ISIS Claims Suicide Bomber In Germany Fought For ISIS In Syria
An article in the terror group's weekly magazine says a man who blew himself up in Ansbach, Germany was an ISIS member in Syria
ISIS’ official digital magazine, al-Naba, published an article on Tuesday that sheds significant light on a recent suicide bombing in Ansbach, Germany.
According to the magazine, the Syrian asylum seeker who detonated explosives outside a music festival in the city on Sunday wasn’t a typical lone wolf inspired by ISIS, but instead was as a fighter for the terror group in Syria who spent months building a bomb and planning the attack in Germany.
The Islamic State on Monday claimed responsibility for the Ansbach attack, which injured more than a dozen people. An ISIS-linked media agency, Amaq, also released a video this week allegedly showing the attacker, identifying him as Muhammad Daleel.
According to Tuesday’s article, which made claims about Daleel that were not independently verified, Daleel was a jihadist from the Syrian city of Aleppo who was also known as Abu Yusuf al-Karrar. He went to Iraq, joining “the Mujahideen in the Islamic State in Iraq,” which later became ISIS, and stayed with the group for months before going back to Aleppo, al-Naba says. When back in Syria, he fought against the Syrian regime starting at the beginning of the country’s civil war in 2011. There, he formed a “jihadist security cell” that specialized in throwing hand grenades and Molotov cocktails at Syrian army positions and vehicles, says al-Naba, which added that he fought with local rebel groups before joining ISIS with other fighters in Syria.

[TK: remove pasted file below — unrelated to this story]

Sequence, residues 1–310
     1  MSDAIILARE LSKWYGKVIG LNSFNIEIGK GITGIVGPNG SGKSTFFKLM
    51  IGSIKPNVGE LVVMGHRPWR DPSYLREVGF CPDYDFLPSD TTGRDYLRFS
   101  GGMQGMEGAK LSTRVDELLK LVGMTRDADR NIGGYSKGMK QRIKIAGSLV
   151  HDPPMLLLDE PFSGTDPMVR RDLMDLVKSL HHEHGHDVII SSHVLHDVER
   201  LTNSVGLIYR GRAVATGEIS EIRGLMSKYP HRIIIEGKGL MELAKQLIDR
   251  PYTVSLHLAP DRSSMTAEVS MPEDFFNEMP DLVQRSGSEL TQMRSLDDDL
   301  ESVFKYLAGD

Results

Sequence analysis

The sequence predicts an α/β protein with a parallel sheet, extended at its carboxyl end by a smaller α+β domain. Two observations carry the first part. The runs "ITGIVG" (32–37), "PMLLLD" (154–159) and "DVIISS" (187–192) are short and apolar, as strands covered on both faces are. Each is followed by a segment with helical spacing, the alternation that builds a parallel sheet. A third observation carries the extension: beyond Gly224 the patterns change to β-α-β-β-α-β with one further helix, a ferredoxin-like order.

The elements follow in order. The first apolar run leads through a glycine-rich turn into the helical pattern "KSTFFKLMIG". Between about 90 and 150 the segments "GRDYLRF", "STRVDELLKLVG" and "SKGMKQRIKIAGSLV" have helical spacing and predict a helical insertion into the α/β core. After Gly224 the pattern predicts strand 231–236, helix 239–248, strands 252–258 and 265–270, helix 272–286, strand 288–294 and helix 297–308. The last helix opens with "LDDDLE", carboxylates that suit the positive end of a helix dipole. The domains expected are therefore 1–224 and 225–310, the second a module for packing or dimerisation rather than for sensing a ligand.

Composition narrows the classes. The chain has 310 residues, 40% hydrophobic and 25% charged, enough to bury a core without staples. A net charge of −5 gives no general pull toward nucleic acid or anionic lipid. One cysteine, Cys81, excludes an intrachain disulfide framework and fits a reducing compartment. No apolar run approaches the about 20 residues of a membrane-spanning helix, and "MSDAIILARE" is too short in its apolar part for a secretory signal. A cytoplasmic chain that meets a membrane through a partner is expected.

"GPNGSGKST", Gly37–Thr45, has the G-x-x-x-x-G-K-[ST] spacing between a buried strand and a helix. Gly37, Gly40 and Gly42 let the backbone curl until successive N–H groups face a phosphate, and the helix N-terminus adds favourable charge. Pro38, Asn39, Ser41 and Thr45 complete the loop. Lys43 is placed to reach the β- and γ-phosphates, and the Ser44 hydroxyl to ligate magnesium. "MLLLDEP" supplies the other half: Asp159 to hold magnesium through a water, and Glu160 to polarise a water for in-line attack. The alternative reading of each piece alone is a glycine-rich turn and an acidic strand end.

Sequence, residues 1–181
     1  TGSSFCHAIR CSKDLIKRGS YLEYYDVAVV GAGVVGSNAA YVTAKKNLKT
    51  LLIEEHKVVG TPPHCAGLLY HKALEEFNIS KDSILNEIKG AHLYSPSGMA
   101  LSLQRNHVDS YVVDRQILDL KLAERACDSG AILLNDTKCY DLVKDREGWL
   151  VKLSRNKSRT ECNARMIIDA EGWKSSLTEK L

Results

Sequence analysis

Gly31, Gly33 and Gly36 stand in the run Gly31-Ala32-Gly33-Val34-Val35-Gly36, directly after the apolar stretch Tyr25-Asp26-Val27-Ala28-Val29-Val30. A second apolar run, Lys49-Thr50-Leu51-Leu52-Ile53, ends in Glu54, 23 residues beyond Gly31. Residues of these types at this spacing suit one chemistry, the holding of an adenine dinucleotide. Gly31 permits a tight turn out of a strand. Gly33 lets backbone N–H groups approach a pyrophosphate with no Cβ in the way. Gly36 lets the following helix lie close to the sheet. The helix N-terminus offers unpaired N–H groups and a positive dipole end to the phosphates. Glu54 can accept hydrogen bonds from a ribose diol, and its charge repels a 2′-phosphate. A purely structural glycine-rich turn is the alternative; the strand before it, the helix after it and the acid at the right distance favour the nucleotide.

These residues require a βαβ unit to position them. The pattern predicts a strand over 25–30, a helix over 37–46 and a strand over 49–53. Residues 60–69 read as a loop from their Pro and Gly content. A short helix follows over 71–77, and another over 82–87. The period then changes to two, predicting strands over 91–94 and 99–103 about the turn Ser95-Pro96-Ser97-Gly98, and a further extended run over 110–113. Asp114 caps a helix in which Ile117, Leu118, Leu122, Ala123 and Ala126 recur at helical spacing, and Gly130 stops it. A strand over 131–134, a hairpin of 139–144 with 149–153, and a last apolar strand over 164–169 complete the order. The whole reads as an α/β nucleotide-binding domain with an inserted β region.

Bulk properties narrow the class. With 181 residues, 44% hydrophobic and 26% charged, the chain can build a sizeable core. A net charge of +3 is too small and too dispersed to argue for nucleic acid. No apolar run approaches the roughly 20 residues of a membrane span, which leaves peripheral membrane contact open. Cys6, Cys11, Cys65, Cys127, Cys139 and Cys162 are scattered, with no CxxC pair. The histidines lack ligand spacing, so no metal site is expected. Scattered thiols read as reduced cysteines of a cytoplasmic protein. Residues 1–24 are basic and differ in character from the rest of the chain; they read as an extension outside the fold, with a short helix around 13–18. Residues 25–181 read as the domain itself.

He was wounded by shrapnel from a mortar shell and was forced to leave Syria for medical treatment and go to Europe, according to the magazine, which doesn’t say where exactly he went for treatment or how he got there. While in Europe, Daleel wanted to rejoin ISIS and travel back to Syria to “fight in the ranks of the Caliphate army,” but he “failed to rejoin the fight in Syria,” al-Naba says. Instead, he “supported the Islamic State using the internet” from Europe by creating social media accounts, according to the magazine.
He ultimately decided to “target Crusaders inside their houses,” and started finding ways to fight “the enemies of Allah in Germany,” al-Naba says. He decided to carry out an attack and “build a bomb composed of simple materials by himself.” In total, he spent three months building the explosive device until he “was ready to wage an attack.” His efforts went undetected by the German police despite a raid on his home, which police visited in search of “wanted people,” according to al-Naba.
A day prior to Sunday’s attack, Daleel visited the place he wanted to target to “study the possible options to carry out the attack.” He was also “in constant contact with one of the soldiers on the Islamic State” who encouraged him, according to the ISIS magazine.
A section in ISIS’ weekly magazine about a man identified as Muhammed Daleel, also known by ISIS as Abu Yusuf al-Karrar.